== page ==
So that’s how you switch workspaces.
Now, the reason for this is if you go to, for example,
the Setting button over here, you
can invite users to your workspace.
So that is, if you have a team, if you’re working on a project,
you make a new workspace and invite all your team members
to that workspace.
And that will be a self-contained workspace.
So this is the closest thing that we data scientists
have to a Google doc right now.
This is probably one of the coolest collaboration
tools we’ve had in a while.
So you can always do this.
You can invite more users, for example,
and then I can invite my buddy Eric at datasciencedojo.com,
for example, and I can go ahead and make him a user.
So now, Eric can go ahead and log in
to see the same experiment, data models, everything
that I would see in this together.
And then, notice that if I want to switch teams or projects,
I would switch the workspace.
Remember, you’re charged $9.99 per workspace,
so keep that in mind.
So the data sets that you will bring
into Azure will be saved here.
They are basically objects.
Any models that you train will be in here.
There’s also a new feature, which is Notebooks.
So a brand new way of programming
that’s taking the programming world by storm is Notebooks.
The idea of a self-contained environment
that can be deployed to the web, where you just code on the web,
and then you can use almost any language that you
would want to.
And you can share those notebooks
or just expose them as web services, which is really cool.
So right now it supports Python and R Notebooks.
So those are the primary programming languages
right now in the open source world for data scientists.
If you have any deployed web services, they would be here,
but your bread and butter will be this guy right here,
the Experiments tab.
So an experiment is what they call a file, for data science,
instead of Azure ML.
So just like a spreadsheet.
A spreadsheet file in Excel is called a spreadsheet.
Right?
And a Word document called a document.
These are called experiments, and then you
can pin multiple assets together into what’s called Projects.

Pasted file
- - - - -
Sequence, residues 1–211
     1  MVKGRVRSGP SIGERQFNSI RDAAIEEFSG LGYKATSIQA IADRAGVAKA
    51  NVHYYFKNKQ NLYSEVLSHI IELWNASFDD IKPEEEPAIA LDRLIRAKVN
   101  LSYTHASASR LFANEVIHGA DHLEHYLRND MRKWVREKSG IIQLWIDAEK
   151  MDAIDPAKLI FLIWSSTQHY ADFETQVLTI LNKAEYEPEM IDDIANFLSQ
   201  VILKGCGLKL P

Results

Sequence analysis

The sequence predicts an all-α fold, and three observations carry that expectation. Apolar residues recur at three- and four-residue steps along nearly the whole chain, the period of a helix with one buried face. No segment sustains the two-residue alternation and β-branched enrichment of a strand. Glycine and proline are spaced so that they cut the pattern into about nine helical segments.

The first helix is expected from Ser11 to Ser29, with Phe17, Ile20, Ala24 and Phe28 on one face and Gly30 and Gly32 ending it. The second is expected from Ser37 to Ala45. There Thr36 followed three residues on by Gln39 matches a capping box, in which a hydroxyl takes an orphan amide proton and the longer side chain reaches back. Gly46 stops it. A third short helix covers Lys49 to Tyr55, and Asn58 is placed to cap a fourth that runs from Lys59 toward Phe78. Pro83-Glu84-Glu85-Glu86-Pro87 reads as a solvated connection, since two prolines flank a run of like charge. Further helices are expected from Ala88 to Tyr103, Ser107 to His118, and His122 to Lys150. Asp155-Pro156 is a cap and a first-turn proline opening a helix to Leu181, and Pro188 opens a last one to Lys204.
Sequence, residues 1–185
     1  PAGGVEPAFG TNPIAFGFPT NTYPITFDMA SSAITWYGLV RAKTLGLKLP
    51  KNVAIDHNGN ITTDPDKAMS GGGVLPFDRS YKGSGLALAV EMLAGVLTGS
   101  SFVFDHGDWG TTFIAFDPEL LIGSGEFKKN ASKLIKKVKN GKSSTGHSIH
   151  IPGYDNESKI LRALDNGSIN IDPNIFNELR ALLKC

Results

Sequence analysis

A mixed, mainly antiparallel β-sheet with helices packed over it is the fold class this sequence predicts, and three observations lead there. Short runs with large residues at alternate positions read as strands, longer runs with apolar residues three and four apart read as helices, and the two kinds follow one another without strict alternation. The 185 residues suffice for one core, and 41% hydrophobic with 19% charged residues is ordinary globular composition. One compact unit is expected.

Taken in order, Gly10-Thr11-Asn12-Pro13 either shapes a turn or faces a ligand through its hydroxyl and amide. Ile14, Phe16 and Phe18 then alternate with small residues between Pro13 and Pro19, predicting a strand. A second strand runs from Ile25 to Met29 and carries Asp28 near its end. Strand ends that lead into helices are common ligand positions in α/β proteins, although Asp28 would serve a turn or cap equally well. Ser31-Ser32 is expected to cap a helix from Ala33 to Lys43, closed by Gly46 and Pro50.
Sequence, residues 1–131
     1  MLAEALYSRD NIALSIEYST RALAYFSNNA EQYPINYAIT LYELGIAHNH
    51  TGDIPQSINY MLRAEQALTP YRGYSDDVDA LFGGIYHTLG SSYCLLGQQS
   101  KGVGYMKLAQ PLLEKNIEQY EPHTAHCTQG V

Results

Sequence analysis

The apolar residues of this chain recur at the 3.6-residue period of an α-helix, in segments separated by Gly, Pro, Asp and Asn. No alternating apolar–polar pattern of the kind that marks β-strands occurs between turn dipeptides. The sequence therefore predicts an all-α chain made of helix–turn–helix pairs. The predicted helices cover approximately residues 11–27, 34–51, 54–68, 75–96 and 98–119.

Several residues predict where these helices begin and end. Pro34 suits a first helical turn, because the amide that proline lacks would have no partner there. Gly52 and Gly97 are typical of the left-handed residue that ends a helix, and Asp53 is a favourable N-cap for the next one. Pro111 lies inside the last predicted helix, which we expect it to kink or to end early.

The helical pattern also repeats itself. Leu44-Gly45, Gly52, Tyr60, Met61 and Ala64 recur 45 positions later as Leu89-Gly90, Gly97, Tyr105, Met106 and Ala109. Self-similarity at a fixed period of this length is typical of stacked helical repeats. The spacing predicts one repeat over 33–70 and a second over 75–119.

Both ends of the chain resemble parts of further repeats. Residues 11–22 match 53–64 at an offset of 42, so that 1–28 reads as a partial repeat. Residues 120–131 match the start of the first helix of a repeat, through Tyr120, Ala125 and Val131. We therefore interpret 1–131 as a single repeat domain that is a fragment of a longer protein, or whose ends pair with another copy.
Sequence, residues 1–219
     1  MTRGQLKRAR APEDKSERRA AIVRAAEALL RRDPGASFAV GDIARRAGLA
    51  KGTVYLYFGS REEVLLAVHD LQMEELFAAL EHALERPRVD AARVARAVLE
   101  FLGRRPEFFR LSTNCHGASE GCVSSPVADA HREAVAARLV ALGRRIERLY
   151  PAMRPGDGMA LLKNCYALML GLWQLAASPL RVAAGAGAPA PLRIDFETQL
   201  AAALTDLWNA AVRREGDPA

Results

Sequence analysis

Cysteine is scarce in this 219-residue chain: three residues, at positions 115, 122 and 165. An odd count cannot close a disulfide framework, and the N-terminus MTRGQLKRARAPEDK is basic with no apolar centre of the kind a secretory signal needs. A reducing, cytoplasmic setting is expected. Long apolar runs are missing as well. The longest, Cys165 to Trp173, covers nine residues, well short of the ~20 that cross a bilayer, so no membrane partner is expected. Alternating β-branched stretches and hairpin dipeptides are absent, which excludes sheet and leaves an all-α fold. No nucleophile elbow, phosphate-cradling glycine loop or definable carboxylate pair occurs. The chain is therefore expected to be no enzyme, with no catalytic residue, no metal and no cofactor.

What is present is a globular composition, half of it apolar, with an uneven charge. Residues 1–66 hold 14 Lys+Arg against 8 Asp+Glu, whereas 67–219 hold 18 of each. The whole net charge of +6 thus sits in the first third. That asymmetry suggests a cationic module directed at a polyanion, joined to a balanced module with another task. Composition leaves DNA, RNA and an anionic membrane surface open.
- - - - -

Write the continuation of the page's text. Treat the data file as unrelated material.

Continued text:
And notice, I can Create a Project, name the project,
and then I can pin various experiments, web services,
and data assets to this project.
So notice I can have multiple projects going
on at the same time for the same team,
and everything will be good.
And how I got here was, see this thing in the top
left hand corner here, you can click here
and click on the Studio.
So Azure ML actually has three other pages associated with it.
For the most part, you almost always
want to be in this Studio Mode, right here.
OK?
And I think we’re out a time for this video.
Go ahead in watch the next video,
where I will go ahead and show you
how to create your first experiment,
import data, export data.
And if you want to see more videos like this in the future,
go ahead and like and subscribe, and I will look forward
to seeing you at our boot camp.
See you next time.

Part 3:
Import and Export Data, Modules, and Experiments

Part 1:
What is Azure Machine Learning?

Complete Series:
Introduction to Azure Machine Learning

More Data Science Learning Material:
[Video] Intro to Clustering: An Unsupervised Learning Technique
[Blog] The Best Data Science Podcasts
[Blog] Custom R Models in Azure Machine Learning Studio

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Phuc H Duong
About The Author
- Phuc holds a Bachelors degree in Business with a focus on Information Systems and Accounting from the University of Washington.